- The Washington Times - Tuesday, June 24, 2003

Conservatives in the House have major concerns about the chamber’s Medicare prescription drug bill, expected to come to the floor tomorrow, and some say it would be better to join with Democrats to defeat the measure rather than to pass it as written.

“I’m planning to vote no,” said Rep. Jim DeMint, South Carolina Republican. “I’m convinced this is a prescription for socialized medicine. … I want to change it or stop it.”

“I believe the conservatives in the House are the last line of defense,” said Rep. Mike Pence, Indiana Republican. “This is the vote. This is the last time to stop it.”

Mr. Pence said he was told by the White House there is a group of about 20-to-25 Republicans who share his views. A senior administration official said the number is lower, plus there are Democrats who will support the bill.

“We’re confident that the House will pass it,” the official said on the condition of anonymity, adding that the White House will meet with House leaders today.

But Rep. Jeff Flake, Arizona Republican, said there are “enough people that are concerned right now to stop it.”

Mr. DeMint said Medicare is not working, and the House bill makes it worse by adding another costly promise of prescription drugs. Mr. Flake said the bill’s Medicare reforms are “far too little.”

Congressional leaders have committed $400 billion for the House and Senate bills, which would offer seniors prescription drug benefits either through private, drug-only plans for those who choose to stay in traditional Medicare or through a new Medicare option that would use private health groups to deliver comprehensive health coverage. The House bill goes further, requiring traditional Medicare to compete against the private plans starting in 2010, but conservatives say this is not good enough.

“One more massive federal entitlement is, simply put, one more disaster,” said Mr. Pence, who wants a drug benefit only for the poorest seniors.

Sen. Trent Lott — who is not happy with the Senate bill for some of the same reasons — said House Republican leaders may have trouble.

“I think the House was surprised at the number of ‘no’ votes their whip check revealed,” said Mr. Lott, Mississippi Republican.

Burson Taylor, spokeswoman for House Majority Whip Roy Blunt, Missouri Republican, acknowledged that leaders were still working to get the votes they need, but “expect to get there before the bill gets to the floor.”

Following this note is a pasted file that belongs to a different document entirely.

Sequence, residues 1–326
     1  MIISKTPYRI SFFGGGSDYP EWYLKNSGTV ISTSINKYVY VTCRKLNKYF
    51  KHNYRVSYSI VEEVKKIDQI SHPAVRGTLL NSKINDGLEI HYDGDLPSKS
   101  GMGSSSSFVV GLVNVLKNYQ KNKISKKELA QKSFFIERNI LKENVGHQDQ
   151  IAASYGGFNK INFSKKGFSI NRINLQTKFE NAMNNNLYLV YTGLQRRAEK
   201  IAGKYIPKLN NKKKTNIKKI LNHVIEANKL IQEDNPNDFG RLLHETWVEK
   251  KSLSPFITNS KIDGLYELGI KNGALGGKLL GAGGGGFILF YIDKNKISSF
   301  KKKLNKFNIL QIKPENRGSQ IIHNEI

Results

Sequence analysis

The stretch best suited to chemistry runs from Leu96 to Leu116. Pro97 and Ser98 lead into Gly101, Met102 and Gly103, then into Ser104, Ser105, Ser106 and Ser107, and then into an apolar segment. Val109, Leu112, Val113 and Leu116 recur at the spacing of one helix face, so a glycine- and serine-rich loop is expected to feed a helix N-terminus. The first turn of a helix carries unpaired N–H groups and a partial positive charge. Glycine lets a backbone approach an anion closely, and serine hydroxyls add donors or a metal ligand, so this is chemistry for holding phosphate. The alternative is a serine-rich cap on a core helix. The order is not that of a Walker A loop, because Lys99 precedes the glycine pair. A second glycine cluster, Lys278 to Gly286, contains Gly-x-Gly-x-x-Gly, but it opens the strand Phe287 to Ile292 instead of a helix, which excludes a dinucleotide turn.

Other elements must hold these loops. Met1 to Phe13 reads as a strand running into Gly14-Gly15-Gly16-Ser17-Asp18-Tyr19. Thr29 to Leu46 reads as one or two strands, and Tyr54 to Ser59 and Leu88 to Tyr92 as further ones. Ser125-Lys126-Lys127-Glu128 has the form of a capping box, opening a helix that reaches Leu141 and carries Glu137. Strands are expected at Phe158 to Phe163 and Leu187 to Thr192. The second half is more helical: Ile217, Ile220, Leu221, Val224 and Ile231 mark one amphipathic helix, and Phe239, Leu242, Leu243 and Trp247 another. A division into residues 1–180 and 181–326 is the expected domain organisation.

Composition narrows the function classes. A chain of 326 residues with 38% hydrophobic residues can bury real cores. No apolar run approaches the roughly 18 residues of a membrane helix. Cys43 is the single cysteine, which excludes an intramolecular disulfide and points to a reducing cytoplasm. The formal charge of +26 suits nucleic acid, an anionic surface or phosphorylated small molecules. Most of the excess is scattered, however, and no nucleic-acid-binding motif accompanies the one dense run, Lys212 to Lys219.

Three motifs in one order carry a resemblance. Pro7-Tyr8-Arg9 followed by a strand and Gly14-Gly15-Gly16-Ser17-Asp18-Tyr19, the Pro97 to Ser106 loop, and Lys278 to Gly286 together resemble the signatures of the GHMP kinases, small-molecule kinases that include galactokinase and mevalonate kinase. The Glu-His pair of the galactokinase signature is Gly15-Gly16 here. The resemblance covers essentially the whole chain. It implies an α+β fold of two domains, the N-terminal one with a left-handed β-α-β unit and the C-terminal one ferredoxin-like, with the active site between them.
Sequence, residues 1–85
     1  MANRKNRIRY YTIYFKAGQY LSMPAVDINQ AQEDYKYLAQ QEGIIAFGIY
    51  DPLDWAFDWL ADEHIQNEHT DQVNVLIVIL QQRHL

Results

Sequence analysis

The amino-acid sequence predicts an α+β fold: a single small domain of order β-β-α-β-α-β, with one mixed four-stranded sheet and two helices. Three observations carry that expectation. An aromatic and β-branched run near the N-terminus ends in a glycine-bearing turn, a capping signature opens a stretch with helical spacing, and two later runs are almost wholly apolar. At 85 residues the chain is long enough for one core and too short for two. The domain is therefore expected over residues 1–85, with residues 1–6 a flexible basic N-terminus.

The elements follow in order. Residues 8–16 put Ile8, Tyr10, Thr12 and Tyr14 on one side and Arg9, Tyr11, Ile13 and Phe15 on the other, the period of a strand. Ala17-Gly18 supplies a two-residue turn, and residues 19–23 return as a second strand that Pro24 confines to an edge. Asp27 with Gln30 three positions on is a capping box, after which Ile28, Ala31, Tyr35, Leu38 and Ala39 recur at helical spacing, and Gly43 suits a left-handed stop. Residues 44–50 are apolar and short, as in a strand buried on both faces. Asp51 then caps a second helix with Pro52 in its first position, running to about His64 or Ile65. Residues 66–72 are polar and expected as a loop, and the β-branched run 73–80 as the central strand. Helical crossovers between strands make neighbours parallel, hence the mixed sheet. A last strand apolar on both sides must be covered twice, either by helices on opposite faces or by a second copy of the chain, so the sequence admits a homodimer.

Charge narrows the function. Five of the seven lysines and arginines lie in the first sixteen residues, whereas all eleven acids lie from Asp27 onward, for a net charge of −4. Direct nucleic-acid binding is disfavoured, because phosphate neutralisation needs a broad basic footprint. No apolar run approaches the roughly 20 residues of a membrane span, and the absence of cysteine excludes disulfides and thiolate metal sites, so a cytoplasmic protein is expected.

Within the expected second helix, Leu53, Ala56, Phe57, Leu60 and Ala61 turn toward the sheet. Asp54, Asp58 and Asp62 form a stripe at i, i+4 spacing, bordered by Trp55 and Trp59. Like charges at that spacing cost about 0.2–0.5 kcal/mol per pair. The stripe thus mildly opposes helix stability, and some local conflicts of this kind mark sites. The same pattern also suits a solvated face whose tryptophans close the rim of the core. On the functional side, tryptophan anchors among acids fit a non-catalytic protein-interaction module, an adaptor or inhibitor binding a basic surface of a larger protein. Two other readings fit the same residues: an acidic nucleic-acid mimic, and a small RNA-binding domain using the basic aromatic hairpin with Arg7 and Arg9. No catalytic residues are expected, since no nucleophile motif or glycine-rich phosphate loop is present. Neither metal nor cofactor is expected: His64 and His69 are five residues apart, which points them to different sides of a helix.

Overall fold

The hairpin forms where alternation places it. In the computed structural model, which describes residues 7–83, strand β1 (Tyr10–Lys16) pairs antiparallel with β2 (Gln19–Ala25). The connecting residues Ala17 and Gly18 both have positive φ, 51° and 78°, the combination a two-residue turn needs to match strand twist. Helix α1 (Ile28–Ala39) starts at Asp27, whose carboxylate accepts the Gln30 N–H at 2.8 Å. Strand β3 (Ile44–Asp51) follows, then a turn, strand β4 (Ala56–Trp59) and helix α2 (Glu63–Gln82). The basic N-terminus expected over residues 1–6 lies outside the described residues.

She said members have various concerns, including the bill’s effect on rural districts, its cost, and whether they can add a provision allowing prescription drugs to be reimported from other countries where they are sold cheaper.

It’s a tougher situation than in past years, she said, because members know this is the only time to address their concerns. In the past, House members could vote for a prescription drug benefit knowing it would not make it through the Senate, she said.

Rep. Eric Cantor, Virginia Republican and chief deputy majority whip, said it’s a complex bill, and that leaders are educating members. He said the House bill will pass and will be “the first step towards reforming Medicare.”

Meanwhile, senators were close to reaching a deal on how to utilize an unallocated $12 billion in their Medicare bill. Under an agreement being discussed late yesterday, half the money would be used by Republicans to set up demonstration projects in certain areas of the country to beef up private health plans by allowing them to compete freely with each other for seniors’ business.

The other $6 billion would be used by Democrats to set up demonstrations to beef up traditional Medicare by offering extra benefits, such as disease management. Democrats want to ensure that seniors are not enticed into private plans.

Senators passed a Democratic amendment yesterday stating that members of Congress enrolled in a federal health plan could not have better benefits than those provided to seniors.

The Senate turned back several Democratic amendments yesterday, including one to beef up the bill’s drug benefit and one to give employers more incentives to continue providing their retirees with health benefits after the bill takes effect.

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